Although Keith Schembri is unlikely to be arraigned in court in the next few days, and has now been released on police bail, his day at the lockup – he was taken in in the middle of the night, then released around 20 hours later – showed that the net is tightening.
The court also completed the freezing action on Schembri yesterday with a second so-called “attachment order”, this time targeting more of his family members, including his daughter, and additional companies, including Tillgate Inc, the Panama shell company that was allegedly set to receive injections of funds from 17 Black, owned by the suspected mastermind of Daphne Caruana Galizia’s assassination Yorgen Fenech.
With Schembri taken into the lockup, his lawyers – Edward Gatt and Mark Vassallo – sought to regain some initiative yesterday morning in an urgent court application requesting access to the conclusion of the magisterial inquiry, as well as “material” related to the case. The application landed in the lap of duty magistrate Natasha Galea Sciberras – the same magistrate who conducted the magisterial inquiry in the first place.
The inquiry into the allegations of kickbacks on passport sales between the accountant Brian Tonna and Schembri was concluded a few weeks ago, and it is understood that the police could move against Schembri and arrest him on the basis of the findings of the inquiry.
The night-time arrest itself immediately followed the first decree for an investigation and “attachment” order that froze much of the assets of Schembri and Tonna, as well as their families, and other individuals and entities connected to them.
It is not known what the magistrate decided on Tuesday morning’s urgent application filed by Schembri’s lawyers, but by the afternoon Gatt was telling journalists gathered outside police headquarters that they were “insisting that the conclusions of the magisterial inquiry are made public before Schembri participates in the police interrogation”.
Legal sources have told The Shift that Schembri or his lawyers have no right at law for any part of the report of the inquiry, called the procès verbal, including the conclusions. It’s up to the Attorney General whether to divulge any part of the procès-verbal, including the conclusions, at whatever stage.
The Attorney General might decide to present the procès-verbal during the compilation of evidence if there is an eventual arraignment, or even at a later stage, during the trial itself, if at all.
As to whether Schembri “participates in police interrogations”, as Gatt put it, it’s entirely up to Schembri whether he answers any of the questions put to him, or whether he even signs any statement following questioning or attempt at questioning.
What is clear is that Schembri’s lawyers were trying to get access to as much of the information and evidence in the possession of the police as possible.
In the urgent application, they requested information on the basis of Article 534AF of the Criminal Code, which specifies that the arrested or his lawyers have the right to see any document that might be relevant to a challenge of the legitimacy of the arrest. What this means in practice is that the police are only obliged to show just the documents or information that justifies the arrest.
Then, during the interrogation, the police would also be obliged to show the individual arrested any document pertaining to any question asked.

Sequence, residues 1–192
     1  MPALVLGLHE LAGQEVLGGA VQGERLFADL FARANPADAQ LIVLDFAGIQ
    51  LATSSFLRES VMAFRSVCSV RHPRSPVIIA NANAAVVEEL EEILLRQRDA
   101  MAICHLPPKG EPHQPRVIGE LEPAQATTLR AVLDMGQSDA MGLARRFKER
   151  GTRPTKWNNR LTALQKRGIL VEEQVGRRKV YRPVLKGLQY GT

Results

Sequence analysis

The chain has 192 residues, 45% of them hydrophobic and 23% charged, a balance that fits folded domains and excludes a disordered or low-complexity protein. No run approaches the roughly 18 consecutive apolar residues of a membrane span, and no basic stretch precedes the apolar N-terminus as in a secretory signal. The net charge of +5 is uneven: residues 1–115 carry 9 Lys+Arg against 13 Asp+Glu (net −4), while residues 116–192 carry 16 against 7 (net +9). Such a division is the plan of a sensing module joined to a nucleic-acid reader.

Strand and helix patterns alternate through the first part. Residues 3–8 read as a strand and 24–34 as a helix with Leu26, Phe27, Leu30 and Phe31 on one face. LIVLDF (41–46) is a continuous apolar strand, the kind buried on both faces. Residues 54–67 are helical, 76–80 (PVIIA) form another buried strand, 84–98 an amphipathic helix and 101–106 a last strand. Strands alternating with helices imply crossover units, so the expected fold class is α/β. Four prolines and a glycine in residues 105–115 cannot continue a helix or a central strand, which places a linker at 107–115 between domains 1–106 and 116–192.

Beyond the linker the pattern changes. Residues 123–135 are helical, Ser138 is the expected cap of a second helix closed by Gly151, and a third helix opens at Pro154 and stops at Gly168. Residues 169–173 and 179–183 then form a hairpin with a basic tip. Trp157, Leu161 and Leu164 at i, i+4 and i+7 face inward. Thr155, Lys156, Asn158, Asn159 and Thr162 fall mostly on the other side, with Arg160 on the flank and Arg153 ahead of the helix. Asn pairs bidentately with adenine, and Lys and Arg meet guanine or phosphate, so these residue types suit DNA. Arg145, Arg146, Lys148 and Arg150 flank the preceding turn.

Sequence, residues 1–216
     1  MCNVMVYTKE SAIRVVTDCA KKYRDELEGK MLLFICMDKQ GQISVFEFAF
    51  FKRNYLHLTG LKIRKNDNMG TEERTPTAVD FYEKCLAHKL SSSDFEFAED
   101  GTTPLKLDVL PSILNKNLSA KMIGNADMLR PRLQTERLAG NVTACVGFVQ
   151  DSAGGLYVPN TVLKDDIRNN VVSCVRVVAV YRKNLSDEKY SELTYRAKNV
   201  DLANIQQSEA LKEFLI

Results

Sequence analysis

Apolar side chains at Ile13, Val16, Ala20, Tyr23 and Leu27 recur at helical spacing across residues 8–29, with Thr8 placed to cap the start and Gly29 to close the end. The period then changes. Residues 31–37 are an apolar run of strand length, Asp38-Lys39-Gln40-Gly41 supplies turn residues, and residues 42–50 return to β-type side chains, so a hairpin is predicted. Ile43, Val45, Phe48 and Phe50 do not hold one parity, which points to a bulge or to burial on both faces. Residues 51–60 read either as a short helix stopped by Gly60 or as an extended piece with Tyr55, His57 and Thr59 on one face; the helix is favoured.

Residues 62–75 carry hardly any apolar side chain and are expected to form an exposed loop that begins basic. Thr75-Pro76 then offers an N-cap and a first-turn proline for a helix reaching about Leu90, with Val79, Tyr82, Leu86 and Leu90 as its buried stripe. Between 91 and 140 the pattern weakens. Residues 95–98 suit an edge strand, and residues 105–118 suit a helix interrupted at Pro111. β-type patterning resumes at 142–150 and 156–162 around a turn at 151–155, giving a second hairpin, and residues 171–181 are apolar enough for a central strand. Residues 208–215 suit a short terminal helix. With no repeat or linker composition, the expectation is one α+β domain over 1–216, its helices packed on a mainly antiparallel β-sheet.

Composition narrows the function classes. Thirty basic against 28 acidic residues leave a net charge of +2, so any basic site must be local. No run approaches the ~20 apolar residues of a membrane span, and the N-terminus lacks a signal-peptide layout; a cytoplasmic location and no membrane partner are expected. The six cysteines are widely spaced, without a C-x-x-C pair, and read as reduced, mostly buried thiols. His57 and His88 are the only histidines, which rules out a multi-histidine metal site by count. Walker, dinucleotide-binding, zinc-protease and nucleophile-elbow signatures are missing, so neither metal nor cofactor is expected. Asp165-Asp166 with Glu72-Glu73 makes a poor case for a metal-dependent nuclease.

Yet the lawyers attempted to cast a wider net by pleading that “the importance that the person arrested or accused is given access to material of the case was explained in a clear manner by the First Hall of the Civil Court (Constitutional Jurisdiction)” in a case decided on 30 July by Judge Toni Abela. They then reproduced an excerpt of that sentence that purportedly makes this point.
Yet that excerpt was lifted from the part of the sentence that reproduces the legal application of the lawyer who filed the constitutional lawsuit. It is not part of the considerations or decide (the judgement part of the sentence) of the judge or the court, as indicated in the legal application. In fact, Abela’s judgement does not address that point that Schembri’s lawyers raised.
It seems clear from events that the magisterial inquiry has prepared much of the groundwork in the case, and this leads legal sources to believe that Schembri’s arraignment is a question of when, not if.
At the same time, the fact that he was kept in the lockup for 20 hours, only to be released, suggests that the police have yet to gather more evidence before they press charges.
This also raises questions on the reasons why he was arrested in the first place in the middle of the night and kept for so long. Did this have anything to do with the leak of the so-called freezing order, or any activity on the part of those arrested, that compelled the police to move immediately with the arrest? Did the police search Schembri’s house and premises of his company prior to, or after, arresting him?
The leak could certainly have compromised or interfered with the ongoing investigation at a sensitive juncture, and the Judge who issued the order yesterday reportedly issued another decree requesting the police to investigate the leak. The law specifies that anyone found guilty of such leaks is liable to a fine of around €11,000 and/or imprisonment of up to a year.
As things stand now, the freezing order at least instils a degree of confidence that any existing documentary evidence cannot be adulterated or disposed of, and police bail puts considerable restrictions on Schembri – for example, he cannot go abroad.
But it might be weeks, not days, before the police would have enough to press charges, if any.